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Trump's tax cuts could jump-start economy

WASHINGTON - President-elect Donald Trump's tax cuts and spending plans could deliver a shot in the arm to the U.S. economy, lifting growth around the world, although uncertainty about his trade policies adds to the risks, according to the World Bank.

The Trump administration could squander the economic gains of fiscal stimulus if it imposes new trade barriers that provoke retaliation by other countries, the Washington-based development lender said Tuesday in the latest update to its global economic outlook.

Overall, it's too early to assess what the net impact will be of Trump's economic policies, the World Bank said. Accordingly, it left its forecast for U.S. growth this year and next unchanged, at 2.2 percent and 2.1 percent, respectively. The outlook doesn't incorporate the expected effect of Trump's policy proposals, according to the report.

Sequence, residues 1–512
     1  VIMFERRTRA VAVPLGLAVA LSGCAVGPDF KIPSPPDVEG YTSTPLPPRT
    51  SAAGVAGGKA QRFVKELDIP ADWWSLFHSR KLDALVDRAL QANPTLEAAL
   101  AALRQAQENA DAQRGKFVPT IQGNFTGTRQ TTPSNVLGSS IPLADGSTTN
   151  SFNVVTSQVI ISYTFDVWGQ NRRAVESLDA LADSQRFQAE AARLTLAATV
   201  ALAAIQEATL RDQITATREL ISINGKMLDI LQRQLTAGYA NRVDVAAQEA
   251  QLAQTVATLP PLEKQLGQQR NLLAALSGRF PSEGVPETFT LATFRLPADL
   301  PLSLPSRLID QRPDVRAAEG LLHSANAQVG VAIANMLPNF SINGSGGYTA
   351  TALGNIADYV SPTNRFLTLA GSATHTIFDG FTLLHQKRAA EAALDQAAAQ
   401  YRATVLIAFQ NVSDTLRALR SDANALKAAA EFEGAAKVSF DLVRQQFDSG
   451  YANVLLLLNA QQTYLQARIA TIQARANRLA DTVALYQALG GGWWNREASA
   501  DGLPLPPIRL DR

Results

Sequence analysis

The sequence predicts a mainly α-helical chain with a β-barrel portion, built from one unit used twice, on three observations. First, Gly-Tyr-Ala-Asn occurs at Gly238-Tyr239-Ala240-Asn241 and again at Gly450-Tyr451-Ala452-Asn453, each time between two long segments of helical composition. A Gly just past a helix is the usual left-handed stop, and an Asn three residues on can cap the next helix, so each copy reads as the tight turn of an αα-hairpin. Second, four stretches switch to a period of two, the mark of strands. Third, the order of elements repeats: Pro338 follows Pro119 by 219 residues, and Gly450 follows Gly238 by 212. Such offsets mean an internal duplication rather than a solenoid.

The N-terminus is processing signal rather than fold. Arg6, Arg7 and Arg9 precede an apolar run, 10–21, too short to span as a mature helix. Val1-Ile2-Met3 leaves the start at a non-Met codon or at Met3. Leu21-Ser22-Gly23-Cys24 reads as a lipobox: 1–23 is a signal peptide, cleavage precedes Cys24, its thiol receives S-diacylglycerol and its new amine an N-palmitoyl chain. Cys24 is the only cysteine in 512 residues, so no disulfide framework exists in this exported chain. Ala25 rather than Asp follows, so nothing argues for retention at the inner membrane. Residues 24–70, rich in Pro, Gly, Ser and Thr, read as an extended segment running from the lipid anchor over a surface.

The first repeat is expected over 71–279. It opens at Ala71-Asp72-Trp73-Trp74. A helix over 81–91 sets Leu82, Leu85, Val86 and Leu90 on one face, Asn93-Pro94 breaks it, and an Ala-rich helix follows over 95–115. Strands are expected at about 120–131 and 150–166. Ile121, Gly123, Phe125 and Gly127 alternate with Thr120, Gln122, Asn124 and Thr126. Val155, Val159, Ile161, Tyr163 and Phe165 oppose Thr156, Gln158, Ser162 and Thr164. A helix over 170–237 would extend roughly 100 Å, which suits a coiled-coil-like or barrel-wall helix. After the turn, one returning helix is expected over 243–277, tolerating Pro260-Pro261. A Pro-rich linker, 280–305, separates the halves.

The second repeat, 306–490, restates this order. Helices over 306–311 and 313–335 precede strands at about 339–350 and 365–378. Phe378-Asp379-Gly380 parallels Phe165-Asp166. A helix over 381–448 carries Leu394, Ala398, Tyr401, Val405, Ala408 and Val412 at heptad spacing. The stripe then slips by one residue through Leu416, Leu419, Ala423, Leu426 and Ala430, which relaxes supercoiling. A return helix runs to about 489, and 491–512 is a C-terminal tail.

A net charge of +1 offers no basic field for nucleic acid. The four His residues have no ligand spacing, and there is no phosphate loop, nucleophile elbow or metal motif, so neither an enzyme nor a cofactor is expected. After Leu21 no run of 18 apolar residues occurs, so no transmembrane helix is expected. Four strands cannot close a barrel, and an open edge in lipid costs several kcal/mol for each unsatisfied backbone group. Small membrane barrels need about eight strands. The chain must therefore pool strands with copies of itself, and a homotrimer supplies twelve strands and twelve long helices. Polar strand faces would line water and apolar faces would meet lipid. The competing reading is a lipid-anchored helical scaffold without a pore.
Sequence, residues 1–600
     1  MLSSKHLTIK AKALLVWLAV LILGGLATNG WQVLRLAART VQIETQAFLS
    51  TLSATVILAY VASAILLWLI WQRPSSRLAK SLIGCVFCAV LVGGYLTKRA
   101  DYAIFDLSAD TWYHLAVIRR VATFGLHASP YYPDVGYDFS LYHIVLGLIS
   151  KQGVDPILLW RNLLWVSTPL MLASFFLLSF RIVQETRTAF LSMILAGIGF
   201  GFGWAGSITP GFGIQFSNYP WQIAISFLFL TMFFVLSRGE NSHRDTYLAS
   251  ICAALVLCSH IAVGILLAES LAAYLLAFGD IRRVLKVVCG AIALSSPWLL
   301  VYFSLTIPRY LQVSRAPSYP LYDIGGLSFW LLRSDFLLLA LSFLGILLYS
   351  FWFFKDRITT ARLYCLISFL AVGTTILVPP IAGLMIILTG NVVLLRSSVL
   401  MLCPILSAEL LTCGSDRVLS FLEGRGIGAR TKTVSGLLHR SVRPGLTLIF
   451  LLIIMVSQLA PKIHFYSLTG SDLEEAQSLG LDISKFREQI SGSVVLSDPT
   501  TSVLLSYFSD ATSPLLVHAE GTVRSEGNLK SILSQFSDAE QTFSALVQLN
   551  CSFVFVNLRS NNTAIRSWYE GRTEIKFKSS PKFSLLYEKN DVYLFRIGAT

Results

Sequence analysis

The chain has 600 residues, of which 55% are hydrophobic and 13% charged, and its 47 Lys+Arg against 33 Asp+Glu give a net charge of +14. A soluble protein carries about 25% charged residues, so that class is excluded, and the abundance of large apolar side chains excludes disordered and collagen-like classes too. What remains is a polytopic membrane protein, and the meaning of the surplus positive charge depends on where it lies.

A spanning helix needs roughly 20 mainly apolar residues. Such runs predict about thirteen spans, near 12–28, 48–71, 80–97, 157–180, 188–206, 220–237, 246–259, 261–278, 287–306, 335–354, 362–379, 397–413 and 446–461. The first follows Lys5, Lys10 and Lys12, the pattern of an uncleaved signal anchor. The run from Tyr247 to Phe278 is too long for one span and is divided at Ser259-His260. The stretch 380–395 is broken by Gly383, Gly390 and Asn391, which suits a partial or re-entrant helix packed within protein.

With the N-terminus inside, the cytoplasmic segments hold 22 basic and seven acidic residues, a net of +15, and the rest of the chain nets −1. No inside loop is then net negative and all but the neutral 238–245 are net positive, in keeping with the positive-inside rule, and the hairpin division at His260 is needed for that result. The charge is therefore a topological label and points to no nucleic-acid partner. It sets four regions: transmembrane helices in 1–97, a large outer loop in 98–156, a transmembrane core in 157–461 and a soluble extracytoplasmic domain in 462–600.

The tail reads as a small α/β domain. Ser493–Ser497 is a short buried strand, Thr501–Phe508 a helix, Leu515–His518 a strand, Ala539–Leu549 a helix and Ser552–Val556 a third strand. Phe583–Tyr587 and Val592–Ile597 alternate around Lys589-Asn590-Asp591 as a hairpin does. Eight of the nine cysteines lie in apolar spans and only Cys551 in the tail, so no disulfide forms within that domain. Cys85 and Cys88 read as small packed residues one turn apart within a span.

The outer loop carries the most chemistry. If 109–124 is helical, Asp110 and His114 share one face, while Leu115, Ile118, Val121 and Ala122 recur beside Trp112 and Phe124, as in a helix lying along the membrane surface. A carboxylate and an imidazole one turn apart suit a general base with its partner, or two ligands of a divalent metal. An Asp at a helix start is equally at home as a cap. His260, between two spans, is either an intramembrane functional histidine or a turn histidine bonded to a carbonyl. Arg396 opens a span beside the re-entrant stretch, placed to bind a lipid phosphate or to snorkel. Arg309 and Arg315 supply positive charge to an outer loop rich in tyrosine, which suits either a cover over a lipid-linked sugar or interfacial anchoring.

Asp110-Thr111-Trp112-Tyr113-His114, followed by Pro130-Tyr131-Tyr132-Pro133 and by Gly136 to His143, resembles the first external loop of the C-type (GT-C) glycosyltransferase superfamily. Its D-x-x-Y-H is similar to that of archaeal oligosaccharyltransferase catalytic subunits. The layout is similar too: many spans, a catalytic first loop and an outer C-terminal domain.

The bank projects the world economy will grow 2.7 percent in 2017, down 0.1 percentage point from its forecast in June. Stalling trade, weak investment and heightened policy uncertainty have dampened global economic activity, pushing growth down to an estimated 2.3 percent last year  the slowest rate since the financial crisis.

The World Bank estimates global growth will pick up to 2.9 percent next year, also down 0.1 percent from its June call.

The development lender sees the eurozone expanding at a 1.5 percent rate this year with uncertainty lingering as the U.K. starts negotiations to withdraw from the European Union, which will weigh on growth this year and next. Japan is seen growing 0.9 percent this year, while China's output is set to expand 6.5 percent, the World Bank said.

U.S. growth could accelerate to as much as 2.5 percent this year and 2.9 percent in 2018 if the Trump administration follows through on a pledge to cut the corporate income-tax rate from 35 percent to 15 percent, and slash individual rates, the World Bank estimates.

"When you have this combination of tax cuts, you have a positive outcome on investment and personal consumption," Ayhan Kose, director of the bank's Development Prospects Group, said in an interview.

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